8. https://www.supermarketnews.com/consumer-trends/it-s-new-scene-grocery-shopping-pandemic-changes-behaviors
9. https://www.supermarketnews.com/online-retail/online-grocery-sales-grow-40-2020
10. https://www.washingtonpost.com/road-to-recovery/2020/09/01/grocery-shopping-coronavirus-impact/

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Lake Texoma

Fishing Report from TPWD (Nov. 29)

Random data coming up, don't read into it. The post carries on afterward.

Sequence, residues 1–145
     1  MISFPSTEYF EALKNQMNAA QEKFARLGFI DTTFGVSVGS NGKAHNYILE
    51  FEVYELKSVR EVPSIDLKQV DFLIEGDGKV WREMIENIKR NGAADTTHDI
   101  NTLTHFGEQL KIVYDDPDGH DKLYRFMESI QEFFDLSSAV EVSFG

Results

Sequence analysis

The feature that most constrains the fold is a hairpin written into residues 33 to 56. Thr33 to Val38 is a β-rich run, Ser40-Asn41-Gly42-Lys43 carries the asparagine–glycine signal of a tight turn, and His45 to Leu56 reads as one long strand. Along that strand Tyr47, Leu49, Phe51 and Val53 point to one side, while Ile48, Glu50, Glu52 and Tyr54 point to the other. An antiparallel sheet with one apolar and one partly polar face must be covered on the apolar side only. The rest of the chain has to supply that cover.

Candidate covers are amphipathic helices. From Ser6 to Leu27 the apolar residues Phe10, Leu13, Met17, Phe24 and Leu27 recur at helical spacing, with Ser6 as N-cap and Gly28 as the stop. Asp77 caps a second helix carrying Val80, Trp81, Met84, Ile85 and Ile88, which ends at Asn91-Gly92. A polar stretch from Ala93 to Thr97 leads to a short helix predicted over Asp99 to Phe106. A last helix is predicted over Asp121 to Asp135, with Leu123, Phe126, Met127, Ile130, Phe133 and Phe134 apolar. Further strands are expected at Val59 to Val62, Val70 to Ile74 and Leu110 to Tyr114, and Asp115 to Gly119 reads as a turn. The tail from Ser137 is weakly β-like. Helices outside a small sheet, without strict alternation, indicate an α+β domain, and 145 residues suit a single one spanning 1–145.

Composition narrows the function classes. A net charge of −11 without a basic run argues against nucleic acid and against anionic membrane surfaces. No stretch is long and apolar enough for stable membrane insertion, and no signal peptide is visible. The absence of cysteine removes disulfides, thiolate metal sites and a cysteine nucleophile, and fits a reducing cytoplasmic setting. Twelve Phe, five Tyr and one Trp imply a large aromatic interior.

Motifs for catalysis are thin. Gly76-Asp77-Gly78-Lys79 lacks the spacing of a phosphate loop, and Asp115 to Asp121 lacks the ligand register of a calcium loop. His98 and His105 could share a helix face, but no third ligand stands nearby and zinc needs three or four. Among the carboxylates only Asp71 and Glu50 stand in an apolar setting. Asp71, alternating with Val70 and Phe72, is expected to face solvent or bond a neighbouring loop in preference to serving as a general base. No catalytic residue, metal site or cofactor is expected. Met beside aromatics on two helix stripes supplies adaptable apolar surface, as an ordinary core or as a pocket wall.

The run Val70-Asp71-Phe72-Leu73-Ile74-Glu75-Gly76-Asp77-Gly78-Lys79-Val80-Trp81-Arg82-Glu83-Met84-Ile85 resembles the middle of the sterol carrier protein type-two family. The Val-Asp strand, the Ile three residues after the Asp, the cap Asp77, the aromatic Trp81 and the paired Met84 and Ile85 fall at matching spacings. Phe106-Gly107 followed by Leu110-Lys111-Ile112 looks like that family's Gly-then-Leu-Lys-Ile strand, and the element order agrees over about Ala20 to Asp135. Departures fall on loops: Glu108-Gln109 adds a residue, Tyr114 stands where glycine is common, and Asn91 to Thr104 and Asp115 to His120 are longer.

GOOD. Water normal stained; 65 degrees; 2.55 feet below pool. Striped bass fishing is good with gulls working active fish around main lake river ledges in 60-70 feet of water. Drift live shad or flukes suspended 30-40 feet down. Largemouth and smallmouth bass are fair on live shad along the bluffs, and the main lake points off the banks. Swimbaits are landing catches off the boulders and on the clay banks. Catfish are good, drifting large cut shad chunks along deep flats off the river channels in 50-60 feet of water. Bigger fish will start to move shallower with colder water temperatures. Crappie are slow on jigs and minnows fishing brush in 10-15 feet of water and around docks. Report by Jacob Orr, Lake Texoma Guaranteed Guide Service. Striped bass are good with daily limits under the birds. Fish midlake schools with slabs, swimbaits and live bait. There is some deadstick action. Report by John Blasingame, Adventure Texoma Outdoors.